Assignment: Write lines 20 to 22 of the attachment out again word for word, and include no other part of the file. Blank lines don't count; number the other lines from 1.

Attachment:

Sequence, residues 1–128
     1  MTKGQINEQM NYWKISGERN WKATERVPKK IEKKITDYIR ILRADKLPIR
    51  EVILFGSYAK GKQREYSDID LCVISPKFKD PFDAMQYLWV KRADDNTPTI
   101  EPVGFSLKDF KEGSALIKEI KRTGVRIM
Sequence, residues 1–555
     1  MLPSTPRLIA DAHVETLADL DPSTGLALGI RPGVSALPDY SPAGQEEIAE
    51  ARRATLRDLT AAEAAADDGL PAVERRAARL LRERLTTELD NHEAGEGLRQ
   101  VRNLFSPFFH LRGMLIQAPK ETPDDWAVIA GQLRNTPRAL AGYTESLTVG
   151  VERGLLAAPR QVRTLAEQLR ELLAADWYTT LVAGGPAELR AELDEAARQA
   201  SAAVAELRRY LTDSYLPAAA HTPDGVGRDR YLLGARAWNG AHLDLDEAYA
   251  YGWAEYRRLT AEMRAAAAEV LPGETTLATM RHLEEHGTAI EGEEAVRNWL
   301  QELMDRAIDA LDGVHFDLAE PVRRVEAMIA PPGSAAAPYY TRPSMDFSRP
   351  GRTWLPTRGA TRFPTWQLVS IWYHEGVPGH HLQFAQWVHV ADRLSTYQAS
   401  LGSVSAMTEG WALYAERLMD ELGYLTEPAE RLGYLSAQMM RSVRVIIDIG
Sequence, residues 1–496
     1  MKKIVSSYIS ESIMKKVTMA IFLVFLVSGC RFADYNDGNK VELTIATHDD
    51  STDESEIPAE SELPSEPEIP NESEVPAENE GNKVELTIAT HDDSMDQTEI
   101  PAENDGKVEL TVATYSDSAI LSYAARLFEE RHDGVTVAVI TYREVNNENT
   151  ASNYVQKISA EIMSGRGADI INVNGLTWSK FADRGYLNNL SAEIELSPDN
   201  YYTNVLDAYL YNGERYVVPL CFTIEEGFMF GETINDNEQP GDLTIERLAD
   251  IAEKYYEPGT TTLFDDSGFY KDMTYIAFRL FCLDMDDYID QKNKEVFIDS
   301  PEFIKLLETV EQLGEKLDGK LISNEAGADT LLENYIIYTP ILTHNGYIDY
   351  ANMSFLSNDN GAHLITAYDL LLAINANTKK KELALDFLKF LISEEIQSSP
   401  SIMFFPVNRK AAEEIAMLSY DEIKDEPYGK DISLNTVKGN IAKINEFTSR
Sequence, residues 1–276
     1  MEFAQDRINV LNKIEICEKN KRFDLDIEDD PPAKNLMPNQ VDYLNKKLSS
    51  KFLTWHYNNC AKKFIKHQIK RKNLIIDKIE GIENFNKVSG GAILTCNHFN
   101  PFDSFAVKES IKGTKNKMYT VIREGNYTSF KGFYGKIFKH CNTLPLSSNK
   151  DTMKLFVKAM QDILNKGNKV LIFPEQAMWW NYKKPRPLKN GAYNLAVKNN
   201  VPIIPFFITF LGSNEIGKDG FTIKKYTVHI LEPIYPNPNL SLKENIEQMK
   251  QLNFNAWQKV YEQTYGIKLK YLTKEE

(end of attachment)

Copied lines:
   201  YYTNVLDAYL YNGERYVVPL CFTIEEGFMF GETINDNEQP GDLTIERLAD
   251  IAEKYYEPGT TTLFDDSGFY KDMTYIAFRL FCLDMDDYID QKNKEVFIDS
   301  PEFIKLLETV EQLGEKLDGK LISNEAGADT LLENYIIYTP ILTHNGYIDY